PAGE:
He does have a recurring theme in his work of the very rich being sociopathic monsters who secretly rule the world. It’s vaguely there even in Wanted, but it was an explicit and a central plot element in his Fantastic Four. It’s spelled out at length in Marvel Knights Spider-Man, of all places, where Norman is evil because he’s rich before he’s evil because he’s crazy, and the secret cabal of businessmen is responsible for modern supervillainy as a bread-and-circuses distraction from their illicit power games. And then there’s the execrable Nemesis.

It’s weird, given Millar’s gleeful willingness to turn his own work into big movie pitches at the first opportunity; he seems to want to be rich pretty badly himself, doesn’t he? The guy’s politics are a bizarre cartoon version of leftism, which I suppose makes sense given that he writes bizarre cartoon stories for a living. As an actual leftist, I think he’s doing no one but himself any favors. Which I suppose makes him more like Chester on that last page than anything else.

I don’t get it. Is it some sort of satire or dream sequence?

Yes.

To be fair, I left the page out where Chester does express sexual desire for a woman, just not his wife. And it is a sado-masochistic desire, likely one he would never dream with sharing with his wife.

I should clarify as well — I’m not panning the whole story, as I do think the early pages are quite good (if likely to infuriate any reader right of center at all…but then, the post-Moore Swamp Thing’ s never been the book for that audience anyway).

I’m more irritated at the way Millar was later taken seriously and his stories treated as clever political statements when upon examination, his politics tend to seem quite puerile to me. Anyway, Curt Swan’s art makes this awesome regardless of my issues with the writer and the script, so I’ll end my ranting by celebrating that.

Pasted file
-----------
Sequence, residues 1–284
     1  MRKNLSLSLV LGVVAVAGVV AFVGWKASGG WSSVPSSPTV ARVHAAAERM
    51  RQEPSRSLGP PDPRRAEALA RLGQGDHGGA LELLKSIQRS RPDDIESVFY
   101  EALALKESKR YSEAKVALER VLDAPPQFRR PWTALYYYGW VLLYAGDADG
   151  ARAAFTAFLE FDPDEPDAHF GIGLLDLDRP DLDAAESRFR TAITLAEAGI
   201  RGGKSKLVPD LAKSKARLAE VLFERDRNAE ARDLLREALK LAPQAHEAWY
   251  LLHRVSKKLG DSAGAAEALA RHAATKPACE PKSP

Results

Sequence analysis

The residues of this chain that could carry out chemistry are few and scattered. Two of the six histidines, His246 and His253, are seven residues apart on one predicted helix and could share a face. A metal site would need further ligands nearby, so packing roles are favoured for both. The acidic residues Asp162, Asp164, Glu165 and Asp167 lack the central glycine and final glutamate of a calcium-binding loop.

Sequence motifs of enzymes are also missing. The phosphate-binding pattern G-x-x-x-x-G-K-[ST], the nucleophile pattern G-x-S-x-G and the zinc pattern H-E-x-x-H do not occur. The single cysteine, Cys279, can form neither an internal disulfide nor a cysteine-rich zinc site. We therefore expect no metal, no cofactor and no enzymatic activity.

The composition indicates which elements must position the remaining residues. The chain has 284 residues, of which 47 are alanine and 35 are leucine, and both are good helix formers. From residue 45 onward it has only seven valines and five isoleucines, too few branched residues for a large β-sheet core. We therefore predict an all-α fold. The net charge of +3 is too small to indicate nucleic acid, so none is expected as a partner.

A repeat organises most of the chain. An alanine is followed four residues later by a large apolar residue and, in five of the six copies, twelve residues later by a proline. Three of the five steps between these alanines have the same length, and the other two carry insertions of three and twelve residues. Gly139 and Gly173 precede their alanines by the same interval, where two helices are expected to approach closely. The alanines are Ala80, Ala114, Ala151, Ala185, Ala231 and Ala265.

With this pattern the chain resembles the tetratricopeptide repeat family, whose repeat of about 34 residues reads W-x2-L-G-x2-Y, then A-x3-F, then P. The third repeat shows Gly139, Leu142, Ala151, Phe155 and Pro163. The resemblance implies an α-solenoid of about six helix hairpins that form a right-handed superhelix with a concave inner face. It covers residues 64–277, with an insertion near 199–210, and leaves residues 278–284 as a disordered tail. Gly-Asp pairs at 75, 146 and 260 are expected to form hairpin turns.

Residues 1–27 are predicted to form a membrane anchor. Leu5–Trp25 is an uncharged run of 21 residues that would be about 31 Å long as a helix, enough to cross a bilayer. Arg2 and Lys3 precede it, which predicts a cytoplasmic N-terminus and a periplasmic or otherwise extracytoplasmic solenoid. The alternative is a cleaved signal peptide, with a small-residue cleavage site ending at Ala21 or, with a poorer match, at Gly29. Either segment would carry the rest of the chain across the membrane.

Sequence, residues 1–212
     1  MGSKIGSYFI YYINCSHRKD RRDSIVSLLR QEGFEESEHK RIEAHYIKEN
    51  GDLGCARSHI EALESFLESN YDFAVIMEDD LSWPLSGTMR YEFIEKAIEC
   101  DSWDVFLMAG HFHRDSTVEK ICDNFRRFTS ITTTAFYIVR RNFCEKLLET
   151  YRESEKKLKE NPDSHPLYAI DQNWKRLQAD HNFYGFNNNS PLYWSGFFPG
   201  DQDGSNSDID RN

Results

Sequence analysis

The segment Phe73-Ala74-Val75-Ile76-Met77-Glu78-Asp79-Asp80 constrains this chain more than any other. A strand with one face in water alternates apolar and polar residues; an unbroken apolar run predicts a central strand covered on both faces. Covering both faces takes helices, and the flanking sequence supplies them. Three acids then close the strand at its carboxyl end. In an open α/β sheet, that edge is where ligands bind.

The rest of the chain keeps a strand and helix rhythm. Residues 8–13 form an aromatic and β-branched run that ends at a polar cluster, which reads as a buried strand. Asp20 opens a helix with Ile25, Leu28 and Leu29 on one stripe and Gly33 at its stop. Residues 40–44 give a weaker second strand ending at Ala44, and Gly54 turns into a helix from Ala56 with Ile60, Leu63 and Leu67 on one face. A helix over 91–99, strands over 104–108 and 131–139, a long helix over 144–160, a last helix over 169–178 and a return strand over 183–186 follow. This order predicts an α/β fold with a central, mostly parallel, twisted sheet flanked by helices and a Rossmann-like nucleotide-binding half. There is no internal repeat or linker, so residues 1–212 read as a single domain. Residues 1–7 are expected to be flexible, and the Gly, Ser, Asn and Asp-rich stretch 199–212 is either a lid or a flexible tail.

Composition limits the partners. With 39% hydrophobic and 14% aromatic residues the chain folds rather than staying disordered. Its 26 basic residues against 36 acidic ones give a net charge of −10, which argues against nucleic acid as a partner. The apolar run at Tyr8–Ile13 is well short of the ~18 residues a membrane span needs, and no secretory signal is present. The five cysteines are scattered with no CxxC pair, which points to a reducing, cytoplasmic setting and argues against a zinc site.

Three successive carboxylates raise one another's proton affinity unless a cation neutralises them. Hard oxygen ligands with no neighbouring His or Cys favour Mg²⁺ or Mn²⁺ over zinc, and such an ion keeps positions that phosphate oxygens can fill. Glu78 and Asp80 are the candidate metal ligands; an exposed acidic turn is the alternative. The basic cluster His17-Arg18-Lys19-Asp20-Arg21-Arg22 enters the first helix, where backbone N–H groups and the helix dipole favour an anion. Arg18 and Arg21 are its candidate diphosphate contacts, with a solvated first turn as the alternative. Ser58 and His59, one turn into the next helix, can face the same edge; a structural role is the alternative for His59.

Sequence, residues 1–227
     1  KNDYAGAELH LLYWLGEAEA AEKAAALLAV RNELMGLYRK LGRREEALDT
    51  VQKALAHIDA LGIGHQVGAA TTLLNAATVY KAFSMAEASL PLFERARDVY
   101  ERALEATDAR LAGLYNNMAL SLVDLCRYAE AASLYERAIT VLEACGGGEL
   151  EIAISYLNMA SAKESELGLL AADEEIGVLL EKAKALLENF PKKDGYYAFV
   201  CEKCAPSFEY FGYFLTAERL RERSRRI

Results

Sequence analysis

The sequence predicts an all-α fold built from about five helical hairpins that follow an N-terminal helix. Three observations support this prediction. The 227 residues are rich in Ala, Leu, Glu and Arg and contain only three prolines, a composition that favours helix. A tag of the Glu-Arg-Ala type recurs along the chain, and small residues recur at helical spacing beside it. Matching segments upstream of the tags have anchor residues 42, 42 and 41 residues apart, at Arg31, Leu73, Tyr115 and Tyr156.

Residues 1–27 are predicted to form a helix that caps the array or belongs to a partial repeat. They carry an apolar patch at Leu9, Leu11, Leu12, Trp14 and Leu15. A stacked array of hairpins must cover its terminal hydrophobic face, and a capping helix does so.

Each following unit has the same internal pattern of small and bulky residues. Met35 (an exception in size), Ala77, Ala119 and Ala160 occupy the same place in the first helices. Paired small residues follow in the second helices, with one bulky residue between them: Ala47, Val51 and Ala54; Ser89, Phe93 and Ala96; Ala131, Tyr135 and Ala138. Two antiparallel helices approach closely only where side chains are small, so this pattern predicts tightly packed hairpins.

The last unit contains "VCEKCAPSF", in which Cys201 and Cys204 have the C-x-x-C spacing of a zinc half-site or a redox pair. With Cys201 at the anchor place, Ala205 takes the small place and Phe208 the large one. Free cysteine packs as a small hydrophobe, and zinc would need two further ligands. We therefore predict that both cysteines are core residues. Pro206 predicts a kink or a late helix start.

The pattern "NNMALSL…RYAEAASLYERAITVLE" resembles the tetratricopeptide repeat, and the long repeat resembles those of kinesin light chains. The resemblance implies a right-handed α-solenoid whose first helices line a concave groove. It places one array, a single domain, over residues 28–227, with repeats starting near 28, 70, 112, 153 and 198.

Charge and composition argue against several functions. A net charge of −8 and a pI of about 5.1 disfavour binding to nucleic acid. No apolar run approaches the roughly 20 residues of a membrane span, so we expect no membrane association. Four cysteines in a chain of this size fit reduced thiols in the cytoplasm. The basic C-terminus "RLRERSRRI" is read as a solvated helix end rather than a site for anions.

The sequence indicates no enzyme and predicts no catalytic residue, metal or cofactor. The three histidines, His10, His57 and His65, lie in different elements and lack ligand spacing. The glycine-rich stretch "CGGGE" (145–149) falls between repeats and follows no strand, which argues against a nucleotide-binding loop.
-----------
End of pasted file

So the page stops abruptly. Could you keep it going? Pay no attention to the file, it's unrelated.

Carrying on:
So does he wake up at the end as hippy Chester?

I disagree with one of your points, Omar.

I’ve met a few right-wing Christians that do believe that ALL sex that isn’t strictly for procreation is sinful. If, for some reason, you and your wife aren’t trying for kids, you shouldn’t be having sex. That would rule out oral sex, having sex when you know your wife is already pregnant, etc.

Do you know that the Pope’s edict that sex isn’t just for procreation, but also for strengthening the bonds between husband and wife, is relatively recent?

In any case, the story is clearly a very over-the-top satire of the Conservative viewpoint. With Millar, I’m never sure whether he believes this stuff, or if it’s just his usual shock and awe antics. I do think he is more ambivalent about his politics than people think. He says Ultimate Captain America was a satire too, but I’m not sure I see it like that. It’s a little like Millar is attracted to the coolness of right-wing violent machismo, you know?

So does he wake up at the end as hippy Chester?

No.

So Millar completely changed an interesting character as a joke?

The issue is a one-off issue. It does not tie into the rest of the series (although there is one allusion to it in issue…hmmmm…I’m going to say #170).

Rene, many of those same arguments also invoke the idea of “be fruitful and multiply;” sex is supposed to be procreative, but it’s not supposed to be rare or unpleasant for anyone. For that matter, the Catholic church has long approved of the rhythm method, a kind of compromise with the contraceptive impulse.

In more recent decades, even quite conservative Catholic and Protestant denominations have gotten very involved with the idea of sex advice for faithful married couples — the sex advice section in most (conservative) evangelical bookstores is surprisingly, maybe depressingly huge.

Even in the medieval period, the ideal was either celibate single life or passionate, courtly love. Procreation, sexual continence, and fidelity were considered the proper, righteous, and licit means of receiving what was understood as a divine gift of pleasure. It was licentiousness, sexual incontinence, and placing pleasure *above* all else that have traditionally been distrusted by all but the rarest and (unsurprisingly) shortest-lived of conservative sects. (Insert pun on “sects appeal.”)